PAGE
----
beware anecdotal evidence
Anecdotal evidence comes in many forms, and sounds most believable.
Anecdotal evidence is evidence from anecdotes: evidence collected in a casual or informal manner and relying heavily or entirely on personal testimony.
Anecdotal evidence takes different forms. I’ve encountered many team members who are vivid storytellers, drawing from previous experiences with phrases like:
- “this is how I’ve seen it done before”
- “at my previous job we did…”
- “a former mentor of mine said to me…
The problem with anecdotes is that they cannot be assessed. This opens them up to a range of issues and biases, that it’s not possible as the person listening to the anecdote to correctly evaluate. Memories are not objective representations of the situation, and will suffer from selection and survivorship bias (the belief that because something went well, it was the right thing to do). Anecdotes suffer from availability bias, the more recent the information consumed, the more weight and relevance associated to it.
Taking the concrete examples;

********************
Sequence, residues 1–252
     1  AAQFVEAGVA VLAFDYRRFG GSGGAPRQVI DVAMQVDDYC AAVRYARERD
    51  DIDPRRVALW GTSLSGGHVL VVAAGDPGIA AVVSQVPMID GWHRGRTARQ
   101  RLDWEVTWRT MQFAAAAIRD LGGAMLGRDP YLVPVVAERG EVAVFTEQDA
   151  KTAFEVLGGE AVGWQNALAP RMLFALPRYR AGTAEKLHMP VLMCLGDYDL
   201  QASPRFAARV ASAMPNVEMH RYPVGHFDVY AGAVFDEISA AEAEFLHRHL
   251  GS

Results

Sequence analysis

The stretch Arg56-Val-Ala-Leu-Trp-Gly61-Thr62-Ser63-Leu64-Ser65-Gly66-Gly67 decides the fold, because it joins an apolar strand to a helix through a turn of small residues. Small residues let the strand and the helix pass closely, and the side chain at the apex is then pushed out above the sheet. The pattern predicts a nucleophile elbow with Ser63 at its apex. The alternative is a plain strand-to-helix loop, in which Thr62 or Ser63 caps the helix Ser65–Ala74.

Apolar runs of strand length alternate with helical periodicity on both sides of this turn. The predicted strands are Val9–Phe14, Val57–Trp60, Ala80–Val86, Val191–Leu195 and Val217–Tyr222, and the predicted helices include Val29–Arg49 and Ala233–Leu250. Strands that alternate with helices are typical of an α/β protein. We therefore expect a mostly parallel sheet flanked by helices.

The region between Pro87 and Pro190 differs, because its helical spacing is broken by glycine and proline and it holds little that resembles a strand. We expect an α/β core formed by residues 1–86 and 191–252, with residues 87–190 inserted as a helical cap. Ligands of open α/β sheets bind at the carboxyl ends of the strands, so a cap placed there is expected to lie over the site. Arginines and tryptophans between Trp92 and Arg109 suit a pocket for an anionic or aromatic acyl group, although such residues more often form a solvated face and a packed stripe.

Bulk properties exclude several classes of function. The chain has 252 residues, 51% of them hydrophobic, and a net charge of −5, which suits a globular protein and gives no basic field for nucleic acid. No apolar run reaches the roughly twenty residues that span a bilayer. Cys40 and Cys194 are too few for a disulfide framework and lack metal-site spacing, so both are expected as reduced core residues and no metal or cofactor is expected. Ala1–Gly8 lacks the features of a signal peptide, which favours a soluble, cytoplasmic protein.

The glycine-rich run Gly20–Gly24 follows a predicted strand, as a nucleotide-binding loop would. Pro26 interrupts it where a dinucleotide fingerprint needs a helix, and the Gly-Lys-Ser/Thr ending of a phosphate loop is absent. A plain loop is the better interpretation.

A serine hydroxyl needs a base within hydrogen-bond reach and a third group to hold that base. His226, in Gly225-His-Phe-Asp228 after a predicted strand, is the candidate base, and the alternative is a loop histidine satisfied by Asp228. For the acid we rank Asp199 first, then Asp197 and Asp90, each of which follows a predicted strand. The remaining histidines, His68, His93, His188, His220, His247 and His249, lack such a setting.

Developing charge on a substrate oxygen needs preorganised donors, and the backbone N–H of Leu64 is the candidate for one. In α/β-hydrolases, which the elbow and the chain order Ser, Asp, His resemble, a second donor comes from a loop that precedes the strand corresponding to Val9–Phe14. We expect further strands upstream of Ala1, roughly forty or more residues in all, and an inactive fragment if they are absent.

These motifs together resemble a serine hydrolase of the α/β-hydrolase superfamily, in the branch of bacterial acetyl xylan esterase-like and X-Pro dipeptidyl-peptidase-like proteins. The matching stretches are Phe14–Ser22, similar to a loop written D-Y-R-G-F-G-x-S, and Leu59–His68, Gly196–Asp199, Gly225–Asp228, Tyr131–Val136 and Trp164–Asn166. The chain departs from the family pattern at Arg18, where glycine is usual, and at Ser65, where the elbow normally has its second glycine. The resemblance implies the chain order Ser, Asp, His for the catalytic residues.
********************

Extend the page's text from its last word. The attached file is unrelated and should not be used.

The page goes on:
- This is how I’ve seen it done before: there’s no evaluation of if “it” went well or poorly, and no objective analysis of the outcome, or believability of the decision makers. An anecdote containing an observation pretends to draw from “experience” but cannot be objectively evaluated. The same applies to “at my previous job”..
- A previous mentor of mine said to me: there’s no evaluation of if the situation in which the mentor said something is comparable to this situation. It’s also not possible to know if that mentor was a good or bad mentor, or if the advice was useful. A statement of fact without the surrounding information is an anecdote that cannot be evaluated.
It’s often easier to interpret personal experience and to understand the analogies and anecdotes of good storytellers than it is to interpret complex data, even if the data is available. This leads us to want to make decisions based on the anecdotes and not the data or evidence.
Beware anecdotal evidence, objectively evaluate the situation.